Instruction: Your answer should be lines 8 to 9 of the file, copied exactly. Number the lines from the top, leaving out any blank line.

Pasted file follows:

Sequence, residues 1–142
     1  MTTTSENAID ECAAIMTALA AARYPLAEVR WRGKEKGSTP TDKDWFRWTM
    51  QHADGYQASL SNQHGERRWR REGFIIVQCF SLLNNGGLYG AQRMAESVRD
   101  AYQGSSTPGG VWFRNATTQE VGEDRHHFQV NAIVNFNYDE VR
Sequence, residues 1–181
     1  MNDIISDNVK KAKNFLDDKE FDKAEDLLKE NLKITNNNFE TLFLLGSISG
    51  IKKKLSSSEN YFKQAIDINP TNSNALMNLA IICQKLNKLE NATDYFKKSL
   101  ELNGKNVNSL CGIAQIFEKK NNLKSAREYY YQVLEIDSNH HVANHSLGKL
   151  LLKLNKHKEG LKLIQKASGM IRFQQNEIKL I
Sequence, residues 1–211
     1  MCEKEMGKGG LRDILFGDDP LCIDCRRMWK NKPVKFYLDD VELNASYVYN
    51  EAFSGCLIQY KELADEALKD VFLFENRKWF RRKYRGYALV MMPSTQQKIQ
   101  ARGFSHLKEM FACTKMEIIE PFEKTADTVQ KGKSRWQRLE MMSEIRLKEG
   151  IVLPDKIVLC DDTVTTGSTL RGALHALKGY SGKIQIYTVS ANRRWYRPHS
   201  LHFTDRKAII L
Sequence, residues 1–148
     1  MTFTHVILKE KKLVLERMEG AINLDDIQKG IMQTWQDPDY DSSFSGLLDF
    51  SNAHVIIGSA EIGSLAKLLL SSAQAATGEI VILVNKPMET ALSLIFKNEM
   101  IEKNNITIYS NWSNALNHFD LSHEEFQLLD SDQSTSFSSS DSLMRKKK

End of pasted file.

   101  ELNGKNVNSL CGIAQIFEKK NNLKSAREYY YQVLEIDSNH HVANHSLGKL
   151  LLKLNKHKEG LKLIQKASGM IRFQQNEIKL I